A Letter from a High School Senior During a Pandemic

Senior year is a right of passage in America. The class of 2020 is getting it taken away.

Meredith Bushman, Editor in Chief

It’s Friday, March 20th, the fifth day my school district  has been closed to the global pandemic, better known as COVID-19. 

My younger siblings (grades 7 and 10) are unbothered being home from school. To them, it’s a vacation with some homework. But to me and my friends, it’s devastating.

This is our senior year, the moment we’ve been promised since most of us can remember. We’ve watched each year as the classes ahead of us have taken their turns– hearing their names called on senior night, walking in on decision day seeing a class celebrating their accomplishments, stumbling through the halls on the last day of school as they partake in the annual senior sit in, seeing them get dressed up for prom, and watching them walk across the stage on graduation day adorned in cap and gown as they receive their diplomas and finally toss their decorated caps into the air, celebrating that they made it. 

And now we may never get that.

We’re confined to our homes and being advised to limit all social contact. We’re sitting and watching as our senior sports seasons get cancelled, as our college visits get cancelled, as our classes get cancelled, as our field trips get cancelled, and we’re losing hope.

There’s no positive spin to be put on this. To be frank, it really sucks. There’s no good way to look at what was supposed to be one of the best times of your life get torn away from you, while you are forced to watch, unable to stop it. It’s painful.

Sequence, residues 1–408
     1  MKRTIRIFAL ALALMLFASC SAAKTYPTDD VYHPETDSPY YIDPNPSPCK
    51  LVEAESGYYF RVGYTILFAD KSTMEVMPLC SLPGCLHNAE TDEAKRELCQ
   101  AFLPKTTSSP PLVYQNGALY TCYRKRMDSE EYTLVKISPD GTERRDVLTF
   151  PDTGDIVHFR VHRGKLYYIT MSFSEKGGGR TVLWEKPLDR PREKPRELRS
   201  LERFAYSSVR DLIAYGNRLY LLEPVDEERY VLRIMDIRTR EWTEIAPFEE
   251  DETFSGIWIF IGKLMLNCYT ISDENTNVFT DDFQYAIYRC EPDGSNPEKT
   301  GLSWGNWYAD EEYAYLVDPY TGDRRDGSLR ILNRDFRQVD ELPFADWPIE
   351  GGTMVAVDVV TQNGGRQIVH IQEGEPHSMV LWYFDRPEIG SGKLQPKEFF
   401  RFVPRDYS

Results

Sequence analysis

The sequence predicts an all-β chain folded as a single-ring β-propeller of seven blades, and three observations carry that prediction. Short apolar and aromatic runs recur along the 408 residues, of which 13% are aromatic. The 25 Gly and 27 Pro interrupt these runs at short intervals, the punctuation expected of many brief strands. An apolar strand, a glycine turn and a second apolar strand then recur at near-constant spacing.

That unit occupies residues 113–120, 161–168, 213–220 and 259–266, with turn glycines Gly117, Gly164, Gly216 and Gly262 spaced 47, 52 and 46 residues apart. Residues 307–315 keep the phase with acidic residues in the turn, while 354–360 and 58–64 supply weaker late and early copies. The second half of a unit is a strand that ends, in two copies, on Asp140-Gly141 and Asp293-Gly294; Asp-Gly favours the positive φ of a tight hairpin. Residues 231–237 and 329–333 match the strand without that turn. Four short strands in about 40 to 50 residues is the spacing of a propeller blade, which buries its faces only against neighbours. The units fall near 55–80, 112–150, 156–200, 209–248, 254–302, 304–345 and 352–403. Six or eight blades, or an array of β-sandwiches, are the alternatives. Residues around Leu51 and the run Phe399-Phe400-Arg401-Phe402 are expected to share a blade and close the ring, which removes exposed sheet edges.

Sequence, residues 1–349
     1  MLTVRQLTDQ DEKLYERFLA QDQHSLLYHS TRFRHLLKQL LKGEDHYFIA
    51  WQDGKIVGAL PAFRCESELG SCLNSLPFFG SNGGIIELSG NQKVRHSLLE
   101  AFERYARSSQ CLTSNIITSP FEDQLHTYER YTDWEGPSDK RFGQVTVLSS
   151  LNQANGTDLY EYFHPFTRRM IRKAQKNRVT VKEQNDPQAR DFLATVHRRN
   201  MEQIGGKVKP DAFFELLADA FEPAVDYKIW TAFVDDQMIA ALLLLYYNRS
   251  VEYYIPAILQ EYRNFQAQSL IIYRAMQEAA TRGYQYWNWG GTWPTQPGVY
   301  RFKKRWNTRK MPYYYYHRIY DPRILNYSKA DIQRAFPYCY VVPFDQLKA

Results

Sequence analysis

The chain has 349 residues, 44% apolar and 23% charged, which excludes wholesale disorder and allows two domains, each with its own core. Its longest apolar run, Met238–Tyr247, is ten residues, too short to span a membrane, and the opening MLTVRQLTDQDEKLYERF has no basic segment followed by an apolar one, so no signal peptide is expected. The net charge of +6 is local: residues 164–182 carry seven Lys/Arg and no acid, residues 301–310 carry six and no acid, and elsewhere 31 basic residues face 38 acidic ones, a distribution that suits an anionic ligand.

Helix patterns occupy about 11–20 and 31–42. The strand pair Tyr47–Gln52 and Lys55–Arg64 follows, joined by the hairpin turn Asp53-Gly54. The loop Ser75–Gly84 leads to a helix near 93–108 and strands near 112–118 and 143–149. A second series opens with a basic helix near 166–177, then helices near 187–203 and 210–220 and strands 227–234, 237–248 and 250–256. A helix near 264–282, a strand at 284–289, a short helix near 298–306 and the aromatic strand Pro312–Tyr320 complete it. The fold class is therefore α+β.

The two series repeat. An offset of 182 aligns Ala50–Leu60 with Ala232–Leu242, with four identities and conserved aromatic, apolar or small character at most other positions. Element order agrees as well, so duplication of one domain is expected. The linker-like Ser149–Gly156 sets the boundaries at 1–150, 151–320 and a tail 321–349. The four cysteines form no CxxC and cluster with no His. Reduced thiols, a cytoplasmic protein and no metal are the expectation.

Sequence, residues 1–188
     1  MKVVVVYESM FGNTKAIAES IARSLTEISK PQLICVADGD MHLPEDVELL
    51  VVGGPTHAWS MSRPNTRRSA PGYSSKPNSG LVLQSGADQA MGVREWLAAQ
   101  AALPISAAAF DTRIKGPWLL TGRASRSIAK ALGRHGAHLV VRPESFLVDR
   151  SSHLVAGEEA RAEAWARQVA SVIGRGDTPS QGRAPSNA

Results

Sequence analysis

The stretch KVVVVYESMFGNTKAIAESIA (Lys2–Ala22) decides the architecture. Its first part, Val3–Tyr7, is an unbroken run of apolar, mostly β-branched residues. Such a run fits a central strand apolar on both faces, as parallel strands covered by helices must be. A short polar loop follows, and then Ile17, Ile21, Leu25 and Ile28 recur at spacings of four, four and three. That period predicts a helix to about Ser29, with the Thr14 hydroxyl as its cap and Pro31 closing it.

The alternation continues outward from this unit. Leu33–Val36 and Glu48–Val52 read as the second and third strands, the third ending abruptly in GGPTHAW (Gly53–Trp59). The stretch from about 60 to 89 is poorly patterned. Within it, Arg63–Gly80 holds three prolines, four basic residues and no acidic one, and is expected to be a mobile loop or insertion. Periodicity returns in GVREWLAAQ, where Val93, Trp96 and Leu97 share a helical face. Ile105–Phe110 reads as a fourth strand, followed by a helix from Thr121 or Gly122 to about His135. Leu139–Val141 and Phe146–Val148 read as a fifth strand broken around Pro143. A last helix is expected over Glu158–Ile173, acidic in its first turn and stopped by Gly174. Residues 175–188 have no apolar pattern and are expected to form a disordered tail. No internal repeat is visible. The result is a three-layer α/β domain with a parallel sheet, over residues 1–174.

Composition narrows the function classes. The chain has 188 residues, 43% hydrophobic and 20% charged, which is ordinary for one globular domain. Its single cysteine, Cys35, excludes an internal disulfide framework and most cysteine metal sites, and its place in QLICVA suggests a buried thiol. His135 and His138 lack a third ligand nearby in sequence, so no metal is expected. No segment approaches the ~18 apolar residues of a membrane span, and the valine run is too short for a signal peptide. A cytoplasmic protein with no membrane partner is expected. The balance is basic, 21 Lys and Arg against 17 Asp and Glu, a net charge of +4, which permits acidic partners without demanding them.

No one will be able to make up for this time we are losing. Nothing can happen to make us get back the experiences we are undoubtedly missing out on while being home. I know that for a fact.

But I also know this generation is resilient. We were born into 9/11. We have grown up in a constant state of war, and gone to school in an era of school shootings. We’ve watched some of the worst political turmoil in our nation’s history– and we’re still here, fighting through it all.

This is not good. It’s nothing like we thought our senior year was going to be. I will be the last person to make a concession, or to try and make light of this situation, because it is terrible. But I know we will get through this.

After the Stoneman Douglas shooting, we watched this generation come together in a way that was not imaginable. We rallied behind their community, and saw a movement ignite. We fight for change everyday. This pandemic will be no exception.

My newspaper staff, composed of almost 30 members, has already been working diligently to cover the outbreak of Coronavirus. They are working to ensure that the public stays informed and stays safe in a time of panic and uncertainty. 

People are staying in, and my generation is advising them to. It’s starting to sink in that the only way for this to get better, is for it to get a little worse. We need to be scared right now, we need to be afraid to go outside and get others sick. For right now, we need to stay put. 

It would be so easy for my generation to rally and protest. I do not doubt that if we wanted to, we could organize protests and marches and complain until we’re blue in the face, because I’ve seen it done before.

But that’s not what’s best for everyone right now. Right now, we need to think of not only ourselves, but rather our global population. If sacrificing parts of our senior year is what is going to help, then that’s what we have to do.

We’re giving up so much now, so we all can have a future later. It’s time everyone rises to that same challenge, and looks toward the younger generations for guidance.

It makes me proud to be part of the generation I am. After this, I am confident that there will not be a problem we can’t solve. 

This is still our time. This is still our year.